Beware of Serial Status Meetings | TechWell

Beware of Serial Status Meetings

I was coaching a new client. He’s a senior guy with several directors reporting to him. He had stopped his staff meetings for a while because no one wanted to participate. Hmm.

I almost asked him why, but he kept talking.

“What do you think of this format for my staff meeting?

  1. Everyone does a standup, sort of like a scrum of scrums, explaining what their group has done over the last week, including their obstacles. That’s five minutes each.
  2. Then we attack the obstacles, one at a time.
  3. Then we talk about the problems in the organization.”

“I think no one will participate after the first meeting, that’s what I think,” I replied. “You’ve got yourself a really great serial status meeting. Will you serve doughnuts?”

He was silent. Did I mention he was a new coaching client?

“Look, standups are great for many things, but your managers are not a cross-functional team in the same way a Scrum team is cross-functional. Don’t use a standup. What about lean coffee?”

In a lean coffee meeting, you start with sticky notes and markers. Everyone brainstorms the list of issues on the stickies. You then vote on the stickies, with, say, three dot votes.

You take the highest ranking sticky and discuss that for five minutes. Everyone thumb-votes to continue (thumb-up), don't care (thumb-sideways), or change the topic (thumb-down). Timebox your meeting to one hour.

If you want to summarize the list of action items or prepare a kanban with the list of action items, either add five to ten minutes or include it in the meeting.

People engage with lean coffee. It’s not a serial status meeting.

After this new client tried lean coffee, he emailed me saying everyone loved the meeting.

You might not want to have a lean coffee meeting. You might want to try a problem-solving meeting instead. In that case, try something like this:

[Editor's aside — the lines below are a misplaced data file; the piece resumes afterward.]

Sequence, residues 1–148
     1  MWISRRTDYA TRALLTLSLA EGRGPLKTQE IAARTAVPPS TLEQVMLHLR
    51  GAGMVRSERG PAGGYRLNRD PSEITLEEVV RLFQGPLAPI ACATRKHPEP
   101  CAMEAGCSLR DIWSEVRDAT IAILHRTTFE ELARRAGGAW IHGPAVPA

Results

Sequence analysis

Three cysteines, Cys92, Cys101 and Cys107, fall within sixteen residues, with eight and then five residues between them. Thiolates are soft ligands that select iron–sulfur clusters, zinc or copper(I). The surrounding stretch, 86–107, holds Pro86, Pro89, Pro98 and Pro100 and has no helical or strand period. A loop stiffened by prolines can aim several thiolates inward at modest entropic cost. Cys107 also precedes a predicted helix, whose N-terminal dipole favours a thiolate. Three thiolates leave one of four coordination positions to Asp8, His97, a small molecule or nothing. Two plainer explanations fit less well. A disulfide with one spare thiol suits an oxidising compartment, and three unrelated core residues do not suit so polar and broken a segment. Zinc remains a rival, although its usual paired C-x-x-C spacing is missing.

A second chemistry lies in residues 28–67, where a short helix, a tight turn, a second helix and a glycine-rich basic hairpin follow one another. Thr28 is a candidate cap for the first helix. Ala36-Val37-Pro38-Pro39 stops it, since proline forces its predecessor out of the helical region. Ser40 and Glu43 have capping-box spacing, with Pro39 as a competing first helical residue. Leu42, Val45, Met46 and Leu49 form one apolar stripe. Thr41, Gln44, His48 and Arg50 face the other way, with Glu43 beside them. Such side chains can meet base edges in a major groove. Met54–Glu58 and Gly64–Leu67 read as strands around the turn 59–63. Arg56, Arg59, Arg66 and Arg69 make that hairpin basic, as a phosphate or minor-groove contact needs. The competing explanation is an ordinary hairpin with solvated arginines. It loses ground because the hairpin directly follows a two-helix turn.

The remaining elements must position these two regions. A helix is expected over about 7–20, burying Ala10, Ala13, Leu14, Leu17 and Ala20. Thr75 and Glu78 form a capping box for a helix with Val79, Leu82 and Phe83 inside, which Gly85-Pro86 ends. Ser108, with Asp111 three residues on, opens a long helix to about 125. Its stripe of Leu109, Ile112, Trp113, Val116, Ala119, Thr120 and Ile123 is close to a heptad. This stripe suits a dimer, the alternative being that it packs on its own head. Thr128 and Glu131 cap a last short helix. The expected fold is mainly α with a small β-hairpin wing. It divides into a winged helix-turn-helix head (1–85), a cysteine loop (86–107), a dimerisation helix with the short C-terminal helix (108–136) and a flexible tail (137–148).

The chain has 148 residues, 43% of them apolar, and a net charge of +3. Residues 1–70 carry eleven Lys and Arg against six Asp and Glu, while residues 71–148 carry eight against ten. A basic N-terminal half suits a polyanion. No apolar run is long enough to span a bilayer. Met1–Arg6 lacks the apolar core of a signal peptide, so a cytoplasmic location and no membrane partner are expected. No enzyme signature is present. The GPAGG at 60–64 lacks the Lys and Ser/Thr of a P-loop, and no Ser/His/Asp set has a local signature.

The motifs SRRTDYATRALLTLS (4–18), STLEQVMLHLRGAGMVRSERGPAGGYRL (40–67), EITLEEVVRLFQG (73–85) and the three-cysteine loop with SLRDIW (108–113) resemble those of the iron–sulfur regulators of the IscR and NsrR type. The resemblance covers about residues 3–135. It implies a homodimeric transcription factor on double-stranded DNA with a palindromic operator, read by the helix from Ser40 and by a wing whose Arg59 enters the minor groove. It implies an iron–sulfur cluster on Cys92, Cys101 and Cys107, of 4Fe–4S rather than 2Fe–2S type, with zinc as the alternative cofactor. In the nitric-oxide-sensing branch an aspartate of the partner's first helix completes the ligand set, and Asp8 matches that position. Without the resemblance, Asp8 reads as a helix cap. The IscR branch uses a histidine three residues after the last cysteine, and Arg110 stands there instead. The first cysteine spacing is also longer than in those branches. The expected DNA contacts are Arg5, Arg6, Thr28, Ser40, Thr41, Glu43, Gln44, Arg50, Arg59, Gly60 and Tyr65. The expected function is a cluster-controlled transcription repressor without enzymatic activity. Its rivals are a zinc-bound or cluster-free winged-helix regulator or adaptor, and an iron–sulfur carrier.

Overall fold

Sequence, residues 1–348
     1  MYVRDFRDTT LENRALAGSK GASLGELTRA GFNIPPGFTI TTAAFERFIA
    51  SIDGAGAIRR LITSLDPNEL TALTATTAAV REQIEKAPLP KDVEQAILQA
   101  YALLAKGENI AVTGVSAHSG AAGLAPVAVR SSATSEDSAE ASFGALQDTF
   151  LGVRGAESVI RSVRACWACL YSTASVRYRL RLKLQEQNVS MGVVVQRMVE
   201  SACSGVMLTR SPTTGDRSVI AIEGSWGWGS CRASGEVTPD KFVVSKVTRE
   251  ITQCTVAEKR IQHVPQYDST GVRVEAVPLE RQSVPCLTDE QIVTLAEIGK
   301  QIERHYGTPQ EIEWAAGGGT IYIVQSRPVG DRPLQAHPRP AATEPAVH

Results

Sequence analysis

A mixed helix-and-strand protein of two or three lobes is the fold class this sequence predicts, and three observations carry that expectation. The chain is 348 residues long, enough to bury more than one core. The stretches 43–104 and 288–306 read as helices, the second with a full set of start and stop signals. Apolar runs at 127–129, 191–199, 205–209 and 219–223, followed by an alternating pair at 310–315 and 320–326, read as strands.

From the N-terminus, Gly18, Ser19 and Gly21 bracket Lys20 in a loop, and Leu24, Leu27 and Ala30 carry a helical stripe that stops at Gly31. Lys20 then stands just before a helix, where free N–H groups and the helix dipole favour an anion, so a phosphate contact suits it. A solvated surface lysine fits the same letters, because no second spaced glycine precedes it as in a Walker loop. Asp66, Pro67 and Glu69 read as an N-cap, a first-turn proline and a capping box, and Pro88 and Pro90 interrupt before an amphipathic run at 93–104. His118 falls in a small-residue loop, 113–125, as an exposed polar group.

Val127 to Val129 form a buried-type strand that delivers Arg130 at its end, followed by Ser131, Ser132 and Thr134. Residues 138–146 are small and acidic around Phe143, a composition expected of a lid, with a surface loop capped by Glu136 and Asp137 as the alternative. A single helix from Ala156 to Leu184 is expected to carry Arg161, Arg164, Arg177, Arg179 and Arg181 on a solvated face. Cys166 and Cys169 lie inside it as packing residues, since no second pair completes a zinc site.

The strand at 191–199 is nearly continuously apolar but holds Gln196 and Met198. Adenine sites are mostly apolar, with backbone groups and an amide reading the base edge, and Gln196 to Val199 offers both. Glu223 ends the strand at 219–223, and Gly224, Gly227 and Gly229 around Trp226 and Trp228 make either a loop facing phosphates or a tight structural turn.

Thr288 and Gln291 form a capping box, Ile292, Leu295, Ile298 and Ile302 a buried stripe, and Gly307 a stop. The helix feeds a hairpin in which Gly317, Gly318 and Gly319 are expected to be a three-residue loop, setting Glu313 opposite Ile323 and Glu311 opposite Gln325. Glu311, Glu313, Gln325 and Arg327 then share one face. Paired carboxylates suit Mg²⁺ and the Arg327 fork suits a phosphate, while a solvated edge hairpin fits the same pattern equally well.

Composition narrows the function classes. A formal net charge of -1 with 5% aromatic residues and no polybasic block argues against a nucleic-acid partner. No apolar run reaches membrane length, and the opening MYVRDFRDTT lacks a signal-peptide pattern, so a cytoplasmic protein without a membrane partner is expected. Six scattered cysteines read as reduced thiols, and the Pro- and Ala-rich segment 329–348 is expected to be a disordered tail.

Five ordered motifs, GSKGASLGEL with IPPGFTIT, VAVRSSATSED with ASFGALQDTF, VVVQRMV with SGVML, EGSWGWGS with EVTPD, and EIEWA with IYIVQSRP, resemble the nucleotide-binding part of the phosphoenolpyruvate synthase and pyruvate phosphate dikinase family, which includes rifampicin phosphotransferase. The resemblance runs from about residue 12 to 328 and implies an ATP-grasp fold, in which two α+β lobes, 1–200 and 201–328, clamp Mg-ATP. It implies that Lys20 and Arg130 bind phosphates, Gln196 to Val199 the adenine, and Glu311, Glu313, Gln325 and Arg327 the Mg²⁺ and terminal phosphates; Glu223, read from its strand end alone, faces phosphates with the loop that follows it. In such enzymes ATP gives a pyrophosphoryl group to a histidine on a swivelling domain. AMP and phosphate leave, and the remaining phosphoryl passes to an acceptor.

1. Email the team, explaining that you will be a problem-solving team.
  2. At the first meeting, brainstorm the list of problems you want to address. Agree on the list and rank the items. This is your backlog. Decide who will be the owner for each item.
  3. Decide how many problems you can address in a given meeting.
  4. Agree on how you will handle emergencies. (Does this sound like a kanban board to you?) Emergencies do occur, and you will need to manage them as a management team.
  5. Every meeting, address the agreed-upon items in your backlog.
  6. Make sure you agree on the rank of the next item in your backlog.

This is a form of feature management for the management problems in a management team. It is just like feature management for the teams and project portfolio management for projects.

You are addressing cost of delay, with either lean coffee or the reranking approach. With either approach, if you need to change your mind and use a standup, you always can.

But isn’t it nice to know you have options?

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